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American Literature (2001) 73 (3): 660–661.
Published: 01 September 2001
... always wished to see addressed in one place. How did Emerson the transcendentalist devil’s child become ‘‘Waldo, Inc in turn re- bastardized through Dale Carnegie and Norman Vincent Peale? Meanwhile, 636 American Literature what makes Emerson remain so seminal to current literary, social, and lin...
American Literature (2020) 92 (4): 707–722.
Published: 01 December 2020
... organizations create visual imagery to teach the public to imagine we can see and therefore avoid contaminants that are invisible to the naked eye. Comparison of COVID-19 with other global disease outbreaks shows how a core set of contagion media visualizations are repeatedly deployed with subtle adaptations...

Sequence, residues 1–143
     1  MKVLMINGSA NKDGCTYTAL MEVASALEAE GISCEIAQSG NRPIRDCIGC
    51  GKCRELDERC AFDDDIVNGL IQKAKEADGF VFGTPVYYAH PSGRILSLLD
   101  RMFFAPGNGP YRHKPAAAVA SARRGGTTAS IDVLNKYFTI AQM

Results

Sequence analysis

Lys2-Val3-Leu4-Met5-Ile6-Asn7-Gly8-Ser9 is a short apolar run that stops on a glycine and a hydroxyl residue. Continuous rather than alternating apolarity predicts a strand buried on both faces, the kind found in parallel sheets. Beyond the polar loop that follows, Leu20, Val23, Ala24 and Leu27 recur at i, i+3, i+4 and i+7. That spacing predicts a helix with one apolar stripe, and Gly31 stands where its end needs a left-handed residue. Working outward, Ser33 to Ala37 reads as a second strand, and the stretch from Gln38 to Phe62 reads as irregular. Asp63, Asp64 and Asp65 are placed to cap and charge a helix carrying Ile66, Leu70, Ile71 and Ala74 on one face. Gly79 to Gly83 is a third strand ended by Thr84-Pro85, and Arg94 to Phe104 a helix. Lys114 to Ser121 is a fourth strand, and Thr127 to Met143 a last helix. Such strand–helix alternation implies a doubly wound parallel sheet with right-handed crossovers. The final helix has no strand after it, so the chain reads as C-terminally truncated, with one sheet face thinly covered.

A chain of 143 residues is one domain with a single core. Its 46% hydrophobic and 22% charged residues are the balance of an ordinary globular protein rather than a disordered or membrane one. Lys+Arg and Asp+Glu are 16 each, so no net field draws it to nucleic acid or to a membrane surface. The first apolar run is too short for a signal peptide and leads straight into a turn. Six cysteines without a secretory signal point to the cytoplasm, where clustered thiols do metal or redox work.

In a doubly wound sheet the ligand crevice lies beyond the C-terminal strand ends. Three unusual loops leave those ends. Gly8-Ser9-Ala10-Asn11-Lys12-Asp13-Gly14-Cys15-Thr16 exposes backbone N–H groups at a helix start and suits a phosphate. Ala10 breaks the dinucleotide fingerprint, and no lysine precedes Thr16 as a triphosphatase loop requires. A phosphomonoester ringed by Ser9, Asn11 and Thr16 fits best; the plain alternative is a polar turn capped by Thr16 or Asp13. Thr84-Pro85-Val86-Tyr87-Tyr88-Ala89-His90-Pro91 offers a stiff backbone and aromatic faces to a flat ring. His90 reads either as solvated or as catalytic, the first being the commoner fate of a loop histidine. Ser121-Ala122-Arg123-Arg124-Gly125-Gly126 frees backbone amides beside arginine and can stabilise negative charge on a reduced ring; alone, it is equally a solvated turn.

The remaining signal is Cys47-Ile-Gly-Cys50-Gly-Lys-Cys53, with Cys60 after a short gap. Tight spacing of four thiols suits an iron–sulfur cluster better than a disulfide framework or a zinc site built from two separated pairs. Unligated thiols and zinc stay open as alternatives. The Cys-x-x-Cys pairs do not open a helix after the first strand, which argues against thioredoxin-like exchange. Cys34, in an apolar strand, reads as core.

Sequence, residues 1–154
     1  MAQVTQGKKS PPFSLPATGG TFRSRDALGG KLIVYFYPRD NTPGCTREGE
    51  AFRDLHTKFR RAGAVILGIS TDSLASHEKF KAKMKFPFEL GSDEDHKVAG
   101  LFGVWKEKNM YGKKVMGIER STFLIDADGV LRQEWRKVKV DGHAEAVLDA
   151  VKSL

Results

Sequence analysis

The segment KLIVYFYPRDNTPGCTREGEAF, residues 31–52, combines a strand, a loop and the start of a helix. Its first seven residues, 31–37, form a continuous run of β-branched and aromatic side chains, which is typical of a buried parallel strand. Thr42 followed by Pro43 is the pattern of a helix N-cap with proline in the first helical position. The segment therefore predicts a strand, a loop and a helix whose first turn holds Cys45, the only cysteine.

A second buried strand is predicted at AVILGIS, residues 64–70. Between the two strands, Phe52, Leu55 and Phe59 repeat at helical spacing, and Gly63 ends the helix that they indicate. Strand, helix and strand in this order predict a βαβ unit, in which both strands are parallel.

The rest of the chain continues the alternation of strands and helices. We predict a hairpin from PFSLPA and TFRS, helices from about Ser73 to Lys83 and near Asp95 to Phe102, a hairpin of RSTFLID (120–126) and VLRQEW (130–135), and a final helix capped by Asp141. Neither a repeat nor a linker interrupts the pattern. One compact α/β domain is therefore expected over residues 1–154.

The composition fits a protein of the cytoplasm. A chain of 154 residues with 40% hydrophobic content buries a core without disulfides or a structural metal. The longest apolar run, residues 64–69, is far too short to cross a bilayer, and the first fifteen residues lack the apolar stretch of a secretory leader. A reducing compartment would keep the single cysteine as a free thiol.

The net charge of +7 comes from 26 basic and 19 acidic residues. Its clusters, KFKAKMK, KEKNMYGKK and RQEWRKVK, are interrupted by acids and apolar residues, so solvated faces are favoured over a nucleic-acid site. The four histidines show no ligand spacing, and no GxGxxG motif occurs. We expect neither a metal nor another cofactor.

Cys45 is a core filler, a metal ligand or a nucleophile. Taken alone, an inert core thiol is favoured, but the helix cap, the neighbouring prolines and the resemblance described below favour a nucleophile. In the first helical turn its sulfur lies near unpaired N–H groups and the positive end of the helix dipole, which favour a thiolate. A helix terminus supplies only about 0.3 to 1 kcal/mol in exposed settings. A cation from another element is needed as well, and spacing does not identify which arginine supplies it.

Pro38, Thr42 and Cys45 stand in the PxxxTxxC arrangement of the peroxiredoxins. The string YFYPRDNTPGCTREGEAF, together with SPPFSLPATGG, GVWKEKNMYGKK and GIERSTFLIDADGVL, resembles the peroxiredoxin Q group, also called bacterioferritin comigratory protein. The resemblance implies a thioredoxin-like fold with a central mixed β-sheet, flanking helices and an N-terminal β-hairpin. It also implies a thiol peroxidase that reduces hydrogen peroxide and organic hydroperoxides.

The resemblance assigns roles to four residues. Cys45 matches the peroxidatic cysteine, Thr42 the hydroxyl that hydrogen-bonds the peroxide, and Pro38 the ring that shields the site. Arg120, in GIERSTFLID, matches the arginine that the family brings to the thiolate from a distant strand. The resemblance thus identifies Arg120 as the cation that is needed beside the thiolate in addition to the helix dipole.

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American Literature (2020) 92 (1): 183–185.
Published: 01 March 2020
...Deborah Jenson See It Feelingly: Classic Novels, Autistic Readers, and the Schooling of a No-Good English Professor . By Ralph James Savarese . Durham, NC : Duke Univ. Press . 2018 . xviii, 273 pp. Cloth, $29.95 ; e-book available. Authoring Autism: On Rhetoric...
American Literature (2012) 84 (4): 889–891.
Published: 01 December 2012
...Sam B. Girgus Seeing Fictions in Film: The Epistemology of Movies . By Wilson George M. . New York : Oxford Univ. Press . 2011 . viii , 220 pp. Cloth , $84.95 ; paper , $23.95 . Dark Borders: Film Noir and American Citizenship . By Auerbach Jonathan . Durham, NC...
American Literature (2011) 83 (3): 509–545.
Published: 01 September 2011
... based on their race. © 2011 by Duke University Press 2011 Tova The Scenes of Seeing: Frances Benjamin Cooper Johnston and Visualizations of the “Indian” in Black, White, and Native Educational Contexts Literally and figuratively, Frances...